Documentary maker Sophie Fiennes followed Jones over the course of ten years for Bloodlight and Bami, from 2005 to 2016. Just like the title of her documentary – ‘bloodlight’ is Jamaican slang for the red light in a recording studio and ‘bami’ is Jamaican cassava flatbread – the film is comprised of two components: Jones on stage and Jones behind the scenes. The first Jones, the perfectionist at work, is captured just as slickly. The second Jones is rougher, documented with hand held footage filmed by Fiennes herself. We see Jones with her newborn granddaughter. We see her performing for a tacky French TV show and eating oysters in the studio. We see her drinking champagne for breakfast, wearing nothing more than a fur coat. Fiennes doesn’t include any talking heads. If she did ask any direct questions, we don’t hear them in the film. Her approach is implicit. She gently lifts Jones’ mask.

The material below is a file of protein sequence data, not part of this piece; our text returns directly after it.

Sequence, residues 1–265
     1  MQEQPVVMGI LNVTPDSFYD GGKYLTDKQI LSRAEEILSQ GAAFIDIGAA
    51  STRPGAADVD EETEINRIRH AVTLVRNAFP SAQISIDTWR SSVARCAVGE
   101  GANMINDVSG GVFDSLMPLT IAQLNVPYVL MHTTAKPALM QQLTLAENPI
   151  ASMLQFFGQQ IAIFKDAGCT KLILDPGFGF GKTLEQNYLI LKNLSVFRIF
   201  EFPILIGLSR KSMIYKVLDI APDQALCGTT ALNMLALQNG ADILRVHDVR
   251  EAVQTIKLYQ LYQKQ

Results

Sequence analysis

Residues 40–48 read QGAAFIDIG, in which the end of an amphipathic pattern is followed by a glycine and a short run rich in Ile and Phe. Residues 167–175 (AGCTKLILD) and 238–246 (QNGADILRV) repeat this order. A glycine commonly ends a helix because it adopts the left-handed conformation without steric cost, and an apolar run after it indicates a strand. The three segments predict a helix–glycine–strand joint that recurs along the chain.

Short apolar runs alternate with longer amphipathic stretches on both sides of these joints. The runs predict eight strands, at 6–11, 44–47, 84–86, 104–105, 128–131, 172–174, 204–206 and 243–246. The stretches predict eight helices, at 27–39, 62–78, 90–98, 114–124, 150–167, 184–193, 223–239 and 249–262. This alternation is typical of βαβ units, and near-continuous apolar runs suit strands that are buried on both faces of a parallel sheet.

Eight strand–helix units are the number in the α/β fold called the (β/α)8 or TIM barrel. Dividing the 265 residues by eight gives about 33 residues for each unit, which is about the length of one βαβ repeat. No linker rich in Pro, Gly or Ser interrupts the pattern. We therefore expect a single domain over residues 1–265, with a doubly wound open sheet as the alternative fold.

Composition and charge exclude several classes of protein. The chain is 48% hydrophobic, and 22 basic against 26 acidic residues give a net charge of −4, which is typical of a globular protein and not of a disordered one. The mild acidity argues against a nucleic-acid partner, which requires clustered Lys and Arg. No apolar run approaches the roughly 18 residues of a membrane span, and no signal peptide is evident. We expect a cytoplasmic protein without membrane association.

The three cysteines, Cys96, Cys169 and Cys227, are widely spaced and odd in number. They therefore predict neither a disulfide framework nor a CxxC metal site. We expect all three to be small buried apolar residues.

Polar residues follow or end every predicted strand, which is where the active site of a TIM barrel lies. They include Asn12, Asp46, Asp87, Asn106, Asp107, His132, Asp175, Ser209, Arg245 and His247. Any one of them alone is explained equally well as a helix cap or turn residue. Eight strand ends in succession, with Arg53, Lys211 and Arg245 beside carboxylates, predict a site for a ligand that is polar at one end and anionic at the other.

To understand who Grace Jones is, you need to understand how her persona is constructed. To understand how her persona is constructed, you can’t get around Jean-Paul Goude. He photographs her in Bloodlight and Bami, just like back in the day; the man who was not only her lover between 1977 and 1984, but also her close collaborator. As his muse and model, Jones inspired Goude’s work as a photographer, illustrator and designer. Vice versa, his photographs adorned her albums. He directed her music videos and choreographed her concerts. In Bloodlight and Bami, Jones reveals that Goude is the only man who made her buckle at the knees. When she would visit him in his apartment, she tells him, she would hyperventilate in the stairway. But she didn’t want him to see her that way, so she took the time to compose herself before knocking on the door. ‘I’d try mask my feelings’, she shares.